Plain text is the no-frills, straight-up text version of your email. No images, no colors, no fancy fonts—just text. Some people prefer it that way, or their email settings make it easier to read plain text. It's like the “manual transmission” of emails—simple and to the point.
POS stands for “Point of Sale.” In the email marketing world, this usually refers to the moment someone actually buys something from your email campaign. You might see POS data to track which emails are leading to sales, or to trigger post-purchase emails like thank-you messages or follow-up offers. It's basically the finish line in the race to get someone to buy.
Postcard marketing refers to the strategy of sending physical postcards to potential or existing customers to promote a brand, product, or service. Though it's a traditional form of marketing, it's often integrated with digital campaigns to provide a tactile touchpoint in a primarily digital world.
A preference center is a spot where your email subscribers can manage what they get from you. They can choose things like how often they want emails, what topics they're into, or even opt out if they want. It gives people some control, which makes them more likely to stick around.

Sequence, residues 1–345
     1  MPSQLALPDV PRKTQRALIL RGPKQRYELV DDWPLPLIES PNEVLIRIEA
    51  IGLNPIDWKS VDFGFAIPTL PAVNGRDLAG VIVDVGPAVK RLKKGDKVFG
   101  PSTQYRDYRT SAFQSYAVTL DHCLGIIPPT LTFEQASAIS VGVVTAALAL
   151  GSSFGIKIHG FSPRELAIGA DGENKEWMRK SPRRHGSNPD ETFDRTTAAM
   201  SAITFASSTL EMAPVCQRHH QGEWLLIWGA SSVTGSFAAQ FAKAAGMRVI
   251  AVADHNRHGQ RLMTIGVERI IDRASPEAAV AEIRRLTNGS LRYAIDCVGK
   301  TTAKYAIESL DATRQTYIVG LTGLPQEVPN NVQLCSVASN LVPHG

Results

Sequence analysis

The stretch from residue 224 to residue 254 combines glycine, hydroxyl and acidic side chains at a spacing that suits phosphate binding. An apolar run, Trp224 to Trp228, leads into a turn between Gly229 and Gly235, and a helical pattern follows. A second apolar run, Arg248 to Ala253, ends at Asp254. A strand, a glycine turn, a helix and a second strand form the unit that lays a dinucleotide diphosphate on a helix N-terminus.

Preview text is the little snippet of text you see right next to or below the subject line when you're skimming through your inbox. It's like a trailer for your email, giving people a sneak peek of what's inside. It can help people decide if they want to open the email or skip it.
A promotional email is an email you send out to push a specific product, service, or offer. Basically, it's your digital sales pitch. These emails aim to get people to take some sort of action, like buying something or signing up for a special deal.
The promotions tab is a specific section in Gmail and other email clients, where promotional emails often land. It's like a separate inbox just for deals and offers. Emails that end up here are usually marketing-related and are separated from your main inbox to keep things organized. As an email marketer, you don’t really want your emails to land here, though, as they are much less likely to be seen!